A Mars Rover Update


Genesis cover

On Christmas Eve 1968 three Americans became the first humans to visit another world. What they did to celebrate was unexpected and profound, and will be remembered throughout all human history. Genesis: the Story of Apollo 8, Robert Zimmerman's classic history of humanity's first journey to another world, tells that story, and it is now available as both an ebook and an audiobook, both with a foreword by Valerie Anders and a new introduction by Robert Zimmerman.

 
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"Not simply about one mission, [Genesis] is also the history of America's quest for the moon... Zimmerman has done a masterful job of tying disparate events together into a solid account of one of America's greatest human triumphs." --San Antonio Express-News

I have decided to continue my Mars rover updates, and make them a regular mid-week feature here on Behind the Black. This is the first.

Curiosity

For the overall context of Curiosity’s travels, see this post, Pinpointing Curiosity’s location in Gale Crater.

Since my last updates here and here, Curiosity has moved south through the gap between buttes to exit the Murray Butte area. The initial slopes of Mount Sharp lie ahead, an open road with no apparent rough terrain to slow travel.

Doing science however does slow travel, and for good reason. Once through the gap the science team decided to swung the rover west and up against the base of the gap’s western butte, rather than immediately head south to climb the mountain. The Mars Reconnaissance Orbiter image below, cropped and reduced, illustrates this path.

Curiosity location Sol 1454

Looking back at Murray Buttes

Here they will drill to collect and analyze a rock sample. The image to the right, cropped and reduced, looks back at the gap, with the rim of Gale Crater visible faintly in the far background beyond. I have also indicated the approximate area viewed in this image in the traverse map above. The image below, also reduced and cropped, shows the base of this butte, with their planned drill site indicated.

drill site base of butte

Opportunity

For the overall context of Opportunity’s travels at Endeavour Crater, see this post, Opportunity’s future travels on Mars.

Since my last update here, Opportunity has moved down through Lewis & Clark Gap. The traverse map below, cropped, illustrates the rover’s position as of Sol 1485. Below that is a panorama, assembled by me from images taken six Martian days later, on Sol 1491, that I think looks southeast into Endeavour Crater. I have indicated my guess as to the view of this panorama on the traverse map.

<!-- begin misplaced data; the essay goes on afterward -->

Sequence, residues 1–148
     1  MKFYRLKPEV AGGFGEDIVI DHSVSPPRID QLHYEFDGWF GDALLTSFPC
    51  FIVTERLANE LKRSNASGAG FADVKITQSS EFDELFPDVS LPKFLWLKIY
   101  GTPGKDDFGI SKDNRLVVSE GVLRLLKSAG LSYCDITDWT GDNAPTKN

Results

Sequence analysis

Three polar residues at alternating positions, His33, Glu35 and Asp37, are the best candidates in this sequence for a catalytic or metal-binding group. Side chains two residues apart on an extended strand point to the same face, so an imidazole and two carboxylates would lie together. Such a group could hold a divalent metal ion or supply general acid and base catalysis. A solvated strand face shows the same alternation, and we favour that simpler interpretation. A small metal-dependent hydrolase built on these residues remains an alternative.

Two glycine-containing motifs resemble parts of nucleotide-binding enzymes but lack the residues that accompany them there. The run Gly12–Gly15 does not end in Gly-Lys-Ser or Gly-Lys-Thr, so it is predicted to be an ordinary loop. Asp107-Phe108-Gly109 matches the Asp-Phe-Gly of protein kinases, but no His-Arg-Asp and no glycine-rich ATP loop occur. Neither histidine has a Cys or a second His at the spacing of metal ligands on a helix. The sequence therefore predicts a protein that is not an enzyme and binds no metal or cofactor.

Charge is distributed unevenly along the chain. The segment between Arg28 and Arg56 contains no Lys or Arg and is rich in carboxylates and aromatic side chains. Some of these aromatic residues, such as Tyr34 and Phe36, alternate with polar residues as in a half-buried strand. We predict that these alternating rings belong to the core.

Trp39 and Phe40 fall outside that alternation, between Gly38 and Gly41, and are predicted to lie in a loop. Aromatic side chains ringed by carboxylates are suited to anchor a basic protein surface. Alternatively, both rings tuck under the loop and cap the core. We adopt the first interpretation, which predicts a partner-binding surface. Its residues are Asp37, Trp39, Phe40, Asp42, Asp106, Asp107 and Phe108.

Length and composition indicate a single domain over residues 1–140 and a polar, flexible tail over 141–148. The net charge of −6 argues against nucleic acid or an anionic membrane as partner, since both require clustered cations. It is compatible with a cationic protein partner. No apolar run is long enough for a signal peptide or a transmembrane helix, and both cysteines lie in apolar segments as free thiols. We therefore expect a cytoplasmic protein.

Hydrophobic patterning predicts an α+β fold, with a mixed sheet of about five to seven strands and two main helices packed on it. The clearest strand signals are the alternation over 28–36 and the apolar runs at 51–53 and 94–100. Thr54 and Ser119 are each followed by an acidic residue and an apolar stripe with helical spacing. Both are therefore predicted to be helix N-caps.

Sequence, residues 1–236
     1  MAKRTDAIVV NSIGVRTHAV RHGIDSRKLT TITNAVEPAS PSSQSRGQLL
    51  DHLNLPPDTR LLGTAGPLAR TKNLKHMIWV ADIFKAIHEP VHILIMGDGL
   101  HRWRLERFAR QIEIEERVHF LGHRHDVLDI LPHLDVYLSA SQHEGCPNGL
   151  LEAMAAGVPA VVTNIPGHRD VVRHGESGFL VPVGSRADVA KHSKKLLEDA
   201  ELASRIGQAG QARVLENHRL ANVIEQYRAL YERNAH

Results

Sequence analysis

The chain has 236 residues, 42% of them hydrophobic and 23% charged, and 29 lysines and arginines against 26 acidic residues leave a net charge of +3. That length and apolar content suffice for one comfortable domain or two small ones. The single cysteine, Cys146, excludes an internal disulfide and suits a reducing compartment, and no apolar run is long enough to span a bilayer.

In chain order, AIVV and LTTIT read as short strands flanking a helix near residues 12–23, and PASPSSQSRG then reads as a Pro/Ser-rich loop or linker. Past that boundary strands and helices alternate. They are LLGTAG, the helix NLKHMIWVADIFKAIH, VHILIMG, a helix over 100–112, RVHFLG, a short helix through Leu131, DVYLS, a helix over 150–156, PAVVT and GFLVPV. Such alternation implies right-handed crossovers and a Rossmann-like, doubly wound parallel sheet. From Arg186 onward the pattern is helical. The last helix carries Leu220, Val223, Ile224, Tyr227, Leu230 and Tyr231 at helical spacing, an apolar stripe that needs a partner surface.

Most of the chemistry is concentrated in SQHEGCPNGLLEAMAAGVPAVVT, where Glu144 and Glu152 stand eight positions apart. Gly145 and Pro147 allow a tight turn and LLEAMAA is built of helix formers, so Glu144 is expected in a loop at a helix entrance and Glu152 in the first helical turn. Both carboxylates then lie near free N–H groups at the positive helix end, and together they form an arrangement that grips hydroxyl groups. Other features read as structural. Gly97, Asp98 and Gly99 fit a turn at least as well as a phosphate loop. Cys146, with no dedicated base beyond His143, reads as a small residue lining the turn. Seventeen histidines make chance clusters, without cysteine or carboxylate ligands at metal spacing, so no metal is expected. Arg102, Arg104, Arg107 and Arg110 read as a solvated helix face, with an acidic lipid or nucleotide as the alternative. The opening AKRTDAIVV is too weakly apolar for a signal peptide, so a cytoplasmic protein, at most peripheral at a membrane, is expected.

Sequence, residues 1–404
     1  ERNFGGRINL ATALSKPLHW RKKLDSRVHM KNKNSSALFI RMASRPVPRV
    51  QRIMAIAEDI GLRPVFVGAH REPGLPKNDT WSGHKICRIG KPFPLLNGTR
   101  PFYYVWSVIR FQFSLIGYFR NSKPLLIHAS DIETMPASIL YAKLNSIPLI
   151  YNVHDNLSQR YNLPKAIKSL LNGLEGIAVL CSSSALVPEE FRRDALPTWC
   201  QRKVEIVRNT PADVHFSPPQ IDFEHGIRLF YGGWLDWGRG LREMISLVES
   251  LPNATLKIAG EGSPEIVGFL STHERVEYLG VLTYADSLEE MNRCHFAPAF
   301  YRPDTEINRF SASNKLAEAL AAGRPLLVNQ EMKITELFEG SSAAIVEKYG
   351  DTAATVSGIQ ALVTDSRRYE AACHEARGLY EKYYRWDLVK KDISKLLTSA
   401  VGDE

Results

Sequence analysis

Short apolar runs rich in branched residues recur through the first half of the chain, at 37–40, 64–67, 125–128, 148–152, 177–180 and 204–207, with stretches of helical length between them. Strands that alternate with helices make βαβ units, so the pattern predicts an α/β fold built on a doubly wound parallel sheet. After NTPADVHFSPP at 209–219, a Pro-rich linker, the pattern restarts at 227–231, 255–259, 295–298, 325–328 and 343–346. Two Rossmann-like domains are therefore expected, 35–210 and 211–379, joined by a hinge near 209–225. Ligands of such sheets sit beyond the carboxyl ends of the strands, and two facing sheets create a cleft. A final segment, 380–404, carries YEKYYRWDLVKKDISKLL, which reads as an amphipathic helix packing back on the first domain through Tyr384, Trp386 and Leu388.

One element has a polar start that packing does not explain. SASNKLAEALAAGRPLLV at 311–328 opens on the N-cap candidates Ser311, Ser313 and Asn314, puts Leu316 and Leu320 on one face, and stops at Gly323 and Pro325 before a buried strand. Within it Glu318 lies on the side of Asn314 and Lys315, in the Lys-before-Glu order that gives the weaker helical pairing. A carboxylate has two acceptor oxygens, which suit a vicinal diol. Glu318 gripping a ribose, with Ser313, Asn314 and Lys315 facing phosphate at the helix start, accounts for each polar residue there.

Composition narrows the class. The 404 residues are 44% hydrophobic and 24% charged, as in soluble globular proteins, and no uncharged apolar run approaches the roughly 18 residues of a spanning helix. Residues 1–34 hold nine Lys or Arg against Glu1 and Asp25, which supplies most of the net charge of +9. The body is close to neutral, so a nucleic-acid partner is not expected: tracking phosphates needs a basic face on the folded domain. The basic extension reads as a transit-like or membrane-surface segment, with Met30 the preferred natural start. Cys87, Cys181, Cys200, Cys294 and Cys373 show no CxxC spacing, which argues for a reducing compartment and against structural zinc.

Opportunity's exit from Lewis & Clark Gap
Looking east into Endeavour Crater

Based on these images, it appears that though the rover is through the gap, it is still sitting on a considerable slope. Whether they head to the southeast and down or turn west remains unknown. I suspect that the science team will end up doing a bit of both, in an effort to gather as much information as they can while they explore as much territory as they can.

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3 comments

  • Gealon

    Not having a line into the thinking of the drivers, I can only guess, much like you Bob, though mine would be that since the drivers did say they were going to leave the crater, they will do just that. I am thinking they are going to take Opportunity into the grey, flat looking area to the southwest, I don’t have an image with the area’s name unfortunately. From there I think they would likely drive strait west out of the crater. However, what I’d like to see them do is continue into the crater as you’re showing and do some spelunking in the interior and from there, find and exit somewhere else along the rim.

  • Edward

    I know that you have been complimented, before, for these updates, but I appreciate the perspectives that they provide, especially the overhead views with the field’s of view for the photos and composite photos. Seeing the paths taken gives some insight as to what the science team finds interesting, that they spend time in some areas and pass through other areas.

  • Edward: Thank you for the kind words. It would help me if my readers would, when they comment on this subject on any other website, provide links back to here. It will build my traffic, but it will also allow others to see this perspective, a perspective that neither NASA nor anyone else in the press is giving them.

    For example, is anyone here a registered member of Free Republic? Posting links to my essays there would help me enormously.

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